I’ve gotten out a few times in the past week but I haven’t had any time to post blog updates… I monitored the Least Tern population on Venice Beach last Friday – however, I didn’t see a single Least Tern! Strange… I know there’s a large population down in Huntington Beach still actively feeding young… There wasn’t much else. I counted 15 American Crows in the general area. Lots of Heermann’s Gulls – mostly 2nd/3rd year birds, a few adults and a few 1st year.
On the way home I encountered a Cooper’s Hawk that flew right in front of me as I was about to pull into my driveway. It swooped into a Yucca type tree about 20′ off the ground. I grabbed my camera and immediately noticed what appeared to be a medium sized nest of sticks and twigs hastily thrown together. At first I thought it might be the Cooper’s nest until I realized what it was doing…in a split second it grabbed all the chicks from the nest and flew off. It all happened too quick for me to focus so I only got one shot of him looking at me moments before he grabbed lunch.
For the past two weeks a baby Mockingbird has been waking us up every morning with it’s annoying little squeaking sound that it does… As if the adult singing all night long isn’t enough! It almost drives you mad until you see how cute the young birds are. Here’s a juvenile I photographed that finally made it out of the nest onto an open bush.
On Saturday I met up with some birders from Mira Loma to help scout the area out for friends that will be visiting from Australia in a couple of weeks. Needless to say, they have quite a few target birds in mind…Black Oystercatcher, Pelagic and Brandt’s Cormorant, Allen’s Hummingbird, Belding’s Savannah Sparrow and the extremely cooperative Little Blue Heron that has been occupying the Del Rey Lagoon and the Ballona Wetlands area for the past two months. We were able to get within 20′ of him!
Little Blue Heron
I went back out yesterday and hiked about 2 miles from Playa del Rey up Ballona Creek in search of Red Knots or any other interesting early fall migrants that might be passing through. Although I only encountered HUNDREDS of Willets, Whimbrels and dozens of Marbled Godwits and Short-billed Dowitchers, 3 Ruddy Turnstones and a large group of Elegant Terns with mixed Caspians. I also came upon two Black Oystercatchers one of which that appeared injured and could not fly. It had worked itself back against the concrete tidal dam so I was able to get quite close to him. After taking a few photos I slowly retreated so as not to agitate him anymore than I already had.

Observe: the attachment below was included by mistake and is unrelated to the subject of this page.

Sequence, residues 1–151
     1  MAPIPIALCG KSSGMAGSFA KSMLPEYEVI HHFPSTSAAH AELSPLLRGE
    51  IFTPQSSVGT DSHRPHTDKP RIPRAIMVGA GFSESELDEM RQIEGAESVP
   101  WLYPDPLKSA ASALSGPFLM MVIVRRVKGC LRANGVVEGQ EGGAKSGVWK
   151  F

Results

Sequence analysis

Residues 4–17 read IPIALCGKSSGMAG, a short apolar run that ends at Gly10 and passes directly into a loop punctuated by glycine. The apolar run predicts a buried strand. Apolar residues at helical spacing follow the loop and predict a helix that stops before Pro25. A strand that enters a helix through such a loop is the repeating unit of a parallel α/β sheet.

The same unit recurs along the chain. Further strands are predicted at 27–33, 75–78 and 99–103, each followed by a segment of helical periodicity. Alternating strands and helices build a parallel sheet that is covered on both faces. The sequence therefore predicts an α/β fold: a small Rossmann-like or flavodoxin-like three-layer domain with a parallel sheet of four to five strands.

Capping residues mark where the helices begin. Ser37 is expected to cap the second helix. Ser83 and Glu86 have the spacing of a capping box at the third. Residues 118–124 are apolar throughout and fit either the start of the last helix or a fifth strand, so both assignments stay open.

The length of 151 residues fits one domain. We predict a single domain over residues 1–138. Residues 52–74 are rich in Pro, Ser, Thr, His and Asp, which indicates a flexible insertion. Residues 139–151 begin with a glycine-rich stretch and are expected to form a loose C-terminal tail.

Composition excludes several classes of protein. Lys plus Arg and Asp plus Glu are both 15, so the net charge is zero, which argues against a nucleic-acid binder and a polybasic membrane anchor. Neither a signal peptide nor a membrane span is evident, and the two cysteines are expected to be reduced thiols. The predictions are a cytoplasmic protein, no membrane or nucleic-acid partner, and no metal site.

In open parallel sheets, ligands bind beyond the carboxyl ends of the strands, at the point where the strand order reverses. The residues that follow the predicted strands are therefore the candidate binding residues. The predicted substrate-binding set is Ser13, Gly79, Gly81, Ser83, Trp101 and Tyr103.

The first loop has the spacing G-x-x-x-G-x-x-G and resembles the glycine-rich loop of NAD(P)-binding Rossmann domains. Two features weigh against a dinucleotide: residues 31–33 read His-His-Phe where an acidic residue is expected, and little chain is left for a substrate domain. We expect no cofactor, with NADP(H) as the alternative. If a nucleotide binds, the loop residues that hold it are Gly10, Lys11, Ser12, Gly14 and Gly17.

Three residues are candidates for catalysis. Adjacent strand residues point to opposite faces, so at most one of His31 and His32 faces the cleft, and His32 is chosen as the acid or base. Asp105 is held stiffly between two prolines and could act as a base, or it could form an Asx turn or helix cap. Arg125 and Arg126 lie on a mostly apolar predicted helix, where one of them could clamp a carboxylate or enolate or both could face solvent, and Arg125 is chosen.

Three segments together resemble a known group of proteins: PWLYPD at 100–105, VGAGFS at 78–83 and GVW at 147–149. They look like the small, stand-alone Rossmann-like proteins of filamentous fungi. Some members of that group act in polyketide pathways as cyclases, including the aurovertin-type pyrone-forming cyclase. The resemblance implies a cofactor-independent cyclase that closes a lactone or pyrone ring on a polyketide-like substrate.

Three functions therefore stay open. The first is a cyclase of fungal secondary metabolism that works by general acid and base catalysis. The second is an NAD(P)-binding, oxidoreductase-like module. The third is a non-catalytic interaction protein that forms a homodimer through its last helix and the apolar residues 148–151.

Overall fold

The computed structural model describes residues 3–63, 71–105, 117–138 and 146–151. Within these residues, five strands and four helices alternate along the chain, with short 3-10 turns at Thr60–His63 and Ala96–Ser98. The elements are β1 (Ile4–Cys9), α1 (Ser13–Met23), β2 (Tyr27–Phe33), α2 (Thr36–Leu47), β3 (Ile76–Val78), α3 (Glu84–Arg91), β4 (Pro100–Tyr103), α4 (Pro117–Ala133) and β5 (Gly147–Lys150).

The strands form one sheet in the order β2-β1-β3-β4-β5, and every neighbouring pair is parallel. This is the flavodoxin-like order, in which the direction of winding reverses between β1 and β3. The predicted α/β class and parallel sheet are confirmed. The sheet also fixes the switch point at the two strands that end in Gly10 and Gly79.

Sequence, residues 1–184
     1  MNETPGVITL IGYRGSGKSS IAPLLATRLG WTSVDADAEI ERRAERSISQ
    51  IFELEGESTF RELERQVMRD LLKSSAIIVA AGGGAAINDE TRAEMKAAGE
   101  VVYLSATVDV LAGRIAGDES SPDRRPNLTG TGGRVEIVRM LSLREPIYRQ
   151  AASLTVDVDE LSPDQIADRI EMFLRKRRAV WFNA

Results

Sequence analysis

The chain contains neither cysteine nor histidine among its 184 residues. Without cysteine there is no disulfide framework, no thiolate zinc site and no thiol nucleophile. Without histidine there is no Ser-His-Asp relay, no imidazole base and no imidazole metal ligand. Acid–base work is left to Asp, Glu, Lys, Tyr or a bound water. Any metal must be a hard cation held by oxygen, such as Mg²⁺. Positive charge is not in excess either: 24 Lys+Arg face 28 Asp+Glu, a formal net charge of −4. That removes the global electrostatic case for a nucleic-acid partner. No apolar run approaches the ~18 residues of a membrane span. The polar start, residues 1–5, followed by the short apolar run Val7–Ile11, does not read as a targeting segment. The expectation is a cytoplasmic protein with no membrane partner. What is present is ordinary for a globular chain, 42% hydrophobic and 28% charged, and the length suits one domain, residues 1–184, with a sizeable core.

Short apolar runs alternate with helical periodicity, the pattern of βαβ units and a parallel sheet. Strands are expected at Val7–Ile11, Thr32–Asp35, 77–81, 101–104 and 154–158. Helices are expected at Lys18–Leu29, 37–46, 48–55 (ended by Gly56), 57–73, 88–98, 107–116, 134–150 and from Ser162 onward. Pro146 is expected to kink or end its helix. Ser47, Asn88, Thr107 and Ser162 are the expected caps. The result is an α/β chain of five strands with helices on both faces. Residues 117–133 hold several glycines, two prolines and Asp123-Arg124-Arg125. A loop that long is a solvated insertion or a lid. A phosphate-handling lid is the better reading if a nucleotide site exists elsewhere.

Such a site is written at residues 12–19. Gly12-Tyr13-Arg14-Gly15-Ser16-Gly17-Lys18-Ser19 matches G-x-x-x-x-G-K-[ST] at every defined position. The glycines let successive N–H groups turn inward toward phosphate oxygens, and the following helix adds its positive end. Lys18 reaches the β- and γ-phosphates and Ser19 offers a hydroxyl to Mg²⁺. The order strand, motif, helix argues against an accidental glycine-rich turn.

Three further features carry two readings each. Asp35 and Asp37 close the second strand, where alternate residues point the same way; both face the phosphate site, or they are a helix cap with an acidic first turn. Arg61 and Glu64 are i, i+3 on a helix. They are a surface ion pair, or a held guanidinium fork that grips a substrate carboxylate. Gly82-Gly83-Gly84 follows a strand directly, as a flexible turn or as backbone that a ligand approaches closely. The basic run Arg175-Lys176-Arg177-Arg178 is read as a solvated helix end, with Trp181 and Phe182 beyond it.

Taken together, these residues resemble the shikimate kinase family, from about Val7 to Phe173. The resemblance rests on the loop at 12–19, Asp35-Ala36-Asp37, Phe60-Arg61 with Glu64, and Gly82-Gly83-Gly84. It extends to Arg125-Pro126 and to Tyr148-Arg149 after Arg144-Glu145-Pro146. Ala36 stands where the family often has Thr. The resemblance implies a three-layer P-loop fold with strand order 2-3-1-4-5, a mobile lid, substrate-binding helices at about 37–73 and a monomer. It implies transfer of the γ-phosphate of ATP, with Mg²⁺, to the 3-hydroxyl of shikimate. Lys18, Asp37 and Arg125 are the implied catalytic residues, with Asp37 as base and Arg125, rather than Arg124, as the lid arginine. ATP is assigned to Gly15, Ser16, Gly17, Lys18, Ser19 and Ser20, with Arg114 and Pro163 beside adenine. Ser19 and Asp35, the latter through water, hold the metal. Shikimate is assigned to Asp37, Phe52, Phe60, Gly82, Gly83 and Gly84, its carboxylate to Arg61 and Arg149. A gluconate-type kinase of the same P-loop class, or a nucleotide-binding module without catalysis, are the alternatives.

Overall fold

I continued walking but didn’t really encounter anything else noteworthy… I did find a BCNH hunting in a small green patch of vegetation. The sun was probably 1-2 hrs from setting so it created beautiful lighting and I couldn’t resist trying to capture the Night Heron’s last hunt of the day. I waited around 30 minutes hoping he’d catch something that I could photograph but he must not have been that hungry!
And I end this posting with a note of disgust… As I walked back to the car I noticed 3 Mexican fisherman. One in a boat using a large net to scoop up fish from Ballona Cr. and the two others just walking along the shore (scaring all the shorebirds up). I noticed they were approaching the Black Oystercatcher that I had photographed earlier. I stopped and waited to see what they would do… The one bird that could fly waited as long as possible as if trying to protect the other bird but finally gave in and flew up and behind them and me. As they got closer they realized the Oystercatcher would not fly..so what did they do? They picked up rocks and started throwing it at the bird. I shouted at them but they clearly understood no English. So I started to walk toward them…they eventually got the hint and continued walking down the creek. Fortunately it didn’t appear the Oystercatcher was injured in any way. The other bird quickly joined him as the fishermen moved on. It’s really sad there’s people like that in this world!